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Tuesday, 12 May 2009
By Rosy Thornton
In this novel, Rosy Thornton has created a cast of characters you’ll love so much that you won’t want to leave them behind when you finish the book.
Call centre worker Mina, struggling to bring up her daughter and sister, and academic Peter, struggling to recover from a devastating incident in his life, will have you gripped from the first page. But what made this novel outstanding for me was the way in which the supporting cast was drawn.
There are some exquisite characters in this story. Peter’s neighbour Jeremy who spends his days drawing cockroaches for a living, but can always be relied on in a crisis, his student Trish who obsesses over her dissertation and teaches his nine year old daughters to play cards for money, and Ollie the hermaphrodite dog, are all an absolute joy.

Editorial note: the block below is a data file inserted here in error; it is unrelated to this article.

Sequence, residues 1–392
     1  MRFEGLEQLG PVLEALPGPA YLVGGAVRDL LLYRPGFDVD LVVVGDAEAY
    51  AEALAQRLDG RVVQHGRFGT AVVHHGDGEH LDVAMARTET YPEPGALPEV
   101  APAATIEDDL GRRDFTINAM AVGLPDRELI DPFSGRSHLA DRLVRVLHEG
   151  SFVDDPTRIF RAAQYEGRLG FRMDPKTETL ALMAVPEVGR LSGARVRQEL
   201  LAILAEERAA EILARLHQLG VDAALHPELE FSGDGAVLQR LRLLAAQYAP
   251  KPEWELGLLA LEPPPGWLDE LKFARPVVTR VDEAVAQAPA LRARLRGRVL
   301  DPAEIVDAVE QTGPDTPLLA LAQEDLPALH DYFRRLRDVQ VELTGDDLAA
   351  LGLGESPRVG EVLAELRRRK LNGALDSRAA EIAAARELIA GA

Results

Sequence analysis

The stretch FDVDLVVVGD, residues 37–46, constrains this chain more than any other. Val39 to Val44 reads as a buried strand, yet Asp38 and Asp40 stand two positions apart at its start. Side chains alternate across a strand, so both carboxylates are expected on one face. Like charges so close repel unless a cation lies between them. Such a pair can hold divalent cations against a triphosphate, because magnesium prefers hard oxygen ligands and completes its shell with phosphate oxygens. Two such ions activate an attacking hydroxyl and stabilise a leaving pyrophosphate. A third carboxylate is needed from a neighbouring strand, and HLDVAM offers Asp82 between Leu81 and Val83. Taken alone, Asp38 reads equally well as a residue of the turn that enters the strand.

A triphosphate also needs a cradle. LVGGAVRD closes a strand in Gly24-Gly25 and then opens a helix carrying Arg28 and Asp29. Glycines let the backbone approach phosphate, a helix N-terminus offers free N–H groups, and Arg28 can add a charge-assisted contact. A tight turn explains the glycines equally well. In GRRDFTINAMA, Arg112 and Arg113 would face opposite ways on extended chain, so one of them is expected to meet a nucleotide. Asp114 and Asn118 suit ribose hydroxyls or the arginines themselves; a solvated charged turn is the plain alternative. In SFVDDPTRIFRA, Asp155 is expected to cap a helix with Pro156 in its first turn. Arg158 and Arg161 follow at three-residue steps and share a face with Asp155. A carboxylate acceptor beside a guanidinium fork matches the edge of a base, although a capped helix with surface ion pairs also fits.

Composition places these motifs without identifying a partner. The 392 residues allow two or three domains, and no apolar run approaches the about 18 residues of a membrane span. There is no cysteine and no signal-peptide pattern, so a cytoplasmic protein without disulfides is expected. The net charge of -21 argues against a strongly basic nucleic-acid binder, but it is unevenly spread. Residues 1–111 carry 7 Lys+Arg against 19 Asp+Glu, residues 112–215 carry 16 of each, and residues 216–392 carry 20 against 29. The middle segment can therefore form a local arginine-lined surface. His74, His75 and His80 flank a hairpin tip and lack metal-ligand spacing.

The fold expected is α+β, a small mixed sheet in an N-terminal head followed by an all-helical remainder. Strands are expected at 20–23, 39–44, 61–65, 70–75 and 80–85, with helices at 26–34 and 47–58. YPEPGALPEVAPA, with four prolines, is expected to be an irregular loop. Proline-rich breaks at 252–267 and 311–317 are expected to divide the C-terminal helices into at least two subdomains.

The quirky cast inhabit a world that has been skilfully and beautifully drawn. Throughout the story, descriptive details are lushly filled in, giving the story a background that springs off the page.
Rosy Thornton covers a number of important themes in this novel with a sure touch. Loss, and how people deal with it, is high on the list, but also we have the highs and lows of parenting, the power of coincidence, the pressure to conform and live life by the expectations of others, and the fear and inevitability of change.
I found this novel compelling and emotionally satisfying. I wanted to get to the end to see what happened, but at the same time I wanted not to ever get to the end because I didn’t want to leave the lives of Peter and Mina behind.
The story is intellectually satisfying in a way that reminded me of Kate Atkinson. It is a love story – but it is so much more than that. It is also a story that makes you think.
Reviewed by Helen M Hunt